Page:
JM: What do you want the audience to come away with after seeing your play?
AG: Based on the responses I’ve gotten so far, it seems like people are expecting GYNX to spark a debate about the ethics and efficacy of castrating rapists. And like, sure, people can have that debate. I’m down for that. But the whole rape-revenge plotline of GYNX is actually a Trojan Horse. I’m trying to put ideas in people’s heads — plant seeds. I want everyone — men and women — to walk away from this play asking themselves: What more can I do for women?
QG: What was your inspiration behind the creation of GYNX?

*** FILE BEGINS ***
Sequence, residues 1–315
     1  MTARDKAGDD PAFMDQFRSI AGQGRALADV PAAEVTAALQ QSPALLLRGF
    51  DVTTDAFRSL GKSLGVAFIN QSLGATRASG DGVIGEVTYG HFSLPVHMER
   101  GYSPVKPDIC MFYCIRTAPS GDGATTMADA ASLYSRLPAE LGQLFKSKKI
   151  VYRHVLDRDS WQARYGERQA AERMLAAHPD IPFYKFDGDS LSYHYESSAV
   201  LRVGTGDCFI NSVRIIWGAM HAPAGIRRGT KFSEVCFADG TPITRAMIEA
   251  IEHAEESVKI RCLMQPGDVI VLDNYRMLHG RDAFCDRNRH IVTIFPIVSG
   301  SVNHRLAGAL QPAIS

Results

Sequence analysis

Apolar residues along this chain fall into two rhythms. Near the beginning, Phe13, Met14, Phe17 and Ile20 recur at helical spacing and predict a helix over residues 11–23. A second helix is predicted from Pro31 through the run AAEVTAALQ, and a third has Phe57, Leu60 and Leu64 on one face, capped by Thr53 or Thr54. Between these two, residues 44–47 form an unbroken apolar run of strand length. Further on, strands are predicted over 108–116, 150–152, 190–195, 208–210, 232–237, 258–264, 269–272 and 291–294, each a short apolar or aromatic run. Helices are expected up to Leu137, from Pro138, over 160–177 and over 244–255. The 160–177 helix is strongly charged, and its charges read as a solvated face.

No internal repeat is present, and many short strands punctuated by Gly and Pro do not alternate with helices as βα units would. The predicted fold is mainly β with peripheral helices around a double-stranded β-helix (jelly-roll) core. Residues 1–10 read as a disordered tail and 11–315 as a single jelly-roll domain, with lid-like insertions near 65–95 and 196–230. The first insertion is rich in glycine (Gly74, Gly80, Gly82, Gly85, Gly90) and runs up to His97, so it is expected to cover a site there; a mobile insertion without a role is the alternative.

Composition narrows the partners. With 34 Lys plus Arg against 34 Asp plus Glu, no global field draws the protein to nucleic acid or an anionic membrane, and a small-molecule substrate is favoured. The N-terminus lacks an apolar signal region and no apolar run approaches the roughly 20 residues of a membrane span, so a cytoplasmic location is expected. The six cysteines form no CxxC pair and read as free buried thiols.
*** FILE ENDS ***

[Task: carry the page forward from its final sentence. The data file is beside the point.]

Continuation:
AG: I wrote GYNX for so many reasons. Partly to speculate – what would it take to achieve a rape-free world? Partly to stake out space for women in theater – because as we know, theater is historically male-dominated. And partly for catharsis: I had just cut contact with some fringe feminist circles I’d been part of, and on top of that I was between jobs, so I had a lot of free time to think about how I wanted to redefine myself, my politics, my career and my artwork. It was a perfect storm for creating something new and meaningful. But at the same time, writing GYNX was also a casual decision. I’m a curious person. I love trying new things, and I realized I’d never written a play before. So after all of these factors came together, I kinda shrugged and went, “I’m gonna write a dark comedy about castrating rapists. Because why not?”